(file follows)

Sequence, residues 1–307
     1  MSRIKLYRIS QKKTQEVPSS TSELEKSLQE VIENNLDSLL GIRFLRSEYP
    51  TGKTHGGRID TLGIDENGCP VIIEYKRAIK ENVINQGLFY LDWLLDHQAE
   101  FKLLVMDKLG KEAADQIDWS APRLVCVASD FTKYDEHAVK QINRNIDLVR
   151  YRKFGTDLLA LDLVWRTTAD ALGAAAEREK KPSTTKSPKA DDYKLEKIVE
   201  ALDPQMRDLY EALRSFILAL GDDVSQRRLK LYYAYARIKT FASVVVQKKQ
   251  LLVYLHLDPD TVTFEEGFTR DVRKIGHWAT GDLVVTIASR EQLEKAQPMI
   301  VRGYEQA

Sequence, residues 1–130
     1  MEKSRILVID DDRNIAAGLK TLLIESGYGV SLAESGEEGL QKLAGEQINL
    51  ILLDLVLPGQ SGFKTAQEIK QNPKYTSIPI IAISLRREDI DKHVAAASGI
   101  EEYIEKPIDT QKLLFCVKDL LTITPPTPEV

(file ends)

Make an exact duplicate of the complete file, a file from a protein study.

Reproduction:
Sequence, residues 1–307
     1  MSRIKLYRIS QKKTQEVPSS TSELEKSLQE VIENNLDSLL GIRFLRSEYP
    51  TGKTHGGRID TLGIDENGCP VIIEYKRAIK ENVINQGLFY LDWLLDHQAE
   101  FKLLVMDKLG KEAADQIDWS APRLVCVASD FTKYDEHAVK QINRNIDLVR
   151  YRKFGTDLLA LDLVWRTTAD ALGAAAEREK KPSTTKSPKA DDYKLEKIVE
   201  ALDPQMRDLY EALRSFILAL GDDVSQRRLK LYYAYARIKT FASVVVQKKQ
   251  LLVYLHLDPD TVTFEEGFTR DVRKIGHWAT GDLVVTIASR EQLEKAQPMI
   301  VRGYEQA

Sequence, residues 1–130
     1  MEKSRILVID DDRNIAAGLK TLLIESGYGV SLAESGEEGL QKLAGEQINL
    51  ILLDLVLPGQ SGFKTAQEIK QNPKYTSIPI IAISLRREDI DKHVAAASGI
   101  EEYIEKPIDT QKLLFCVKDL LTITPPTPEV